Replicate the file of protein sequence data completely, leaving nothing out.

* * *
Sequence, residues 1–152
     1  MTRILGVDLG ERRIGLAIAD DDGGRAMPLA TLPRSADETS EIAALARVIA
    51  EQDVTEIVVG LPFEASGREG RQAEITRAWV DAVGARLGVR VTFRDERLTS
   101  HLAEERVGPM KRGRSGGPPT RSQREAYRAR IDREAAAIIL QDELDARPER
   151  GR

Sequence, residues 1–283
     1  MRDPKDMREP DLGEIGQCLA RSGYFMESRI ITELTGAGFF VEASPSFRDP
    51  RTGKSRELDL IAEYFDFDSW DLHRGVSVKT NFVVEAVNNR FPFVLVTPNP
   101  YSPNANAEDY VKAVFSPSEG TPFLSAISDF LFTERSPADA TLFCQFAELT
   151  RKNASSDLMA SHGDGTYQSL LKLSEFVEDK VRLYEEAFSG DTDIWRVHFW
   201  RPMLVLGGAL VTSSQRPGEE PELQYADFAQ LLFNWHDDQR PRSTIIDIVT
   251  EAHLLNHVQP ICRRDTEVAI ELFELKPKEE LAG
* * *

Sequence, residues 1–152
     1  MTRILGVDLG ERRIGLAIAD DDGGRAMPLA TLPRSADETS EIAALARVIA
    51  EQDVTEIVVG LPFEASGREG RQAEITRAWV DAVGARLGVR VTFRDERLTS
   101  HLAEERVGPM KRGRSGGPPT RSQREAYRAR IDREAAAIIL QDELDARPER
   151  GR

Sequence, residues 1–283
     1  MRDPKDMREP DLGEIGQCLA RSGYFMESRI ITELTGAGFF VEASPSFRDP
    51  RTGKSRELDL IAEYFDFDSW DLHRGVSVKT NFVVEAVNNR FPFVLVTPNP
   101  YSPNANAEDY VKAVFSPSEG TPFLSAISDF LFTERSPADA TLFCQFAELT
   151  RKNASSDLMA SHGDGTYQSL LKLSEFVEDK VRLYEEAFSG DTDIWRVHFW
   201  RPMLVLGGAL VTSSQRPGEE PELQYADFAQ LLFNWHDDQR PRSTIIDIVT
   251  EAHLLNHVQP ICRRDTEVAI ELFELKPKEE LAG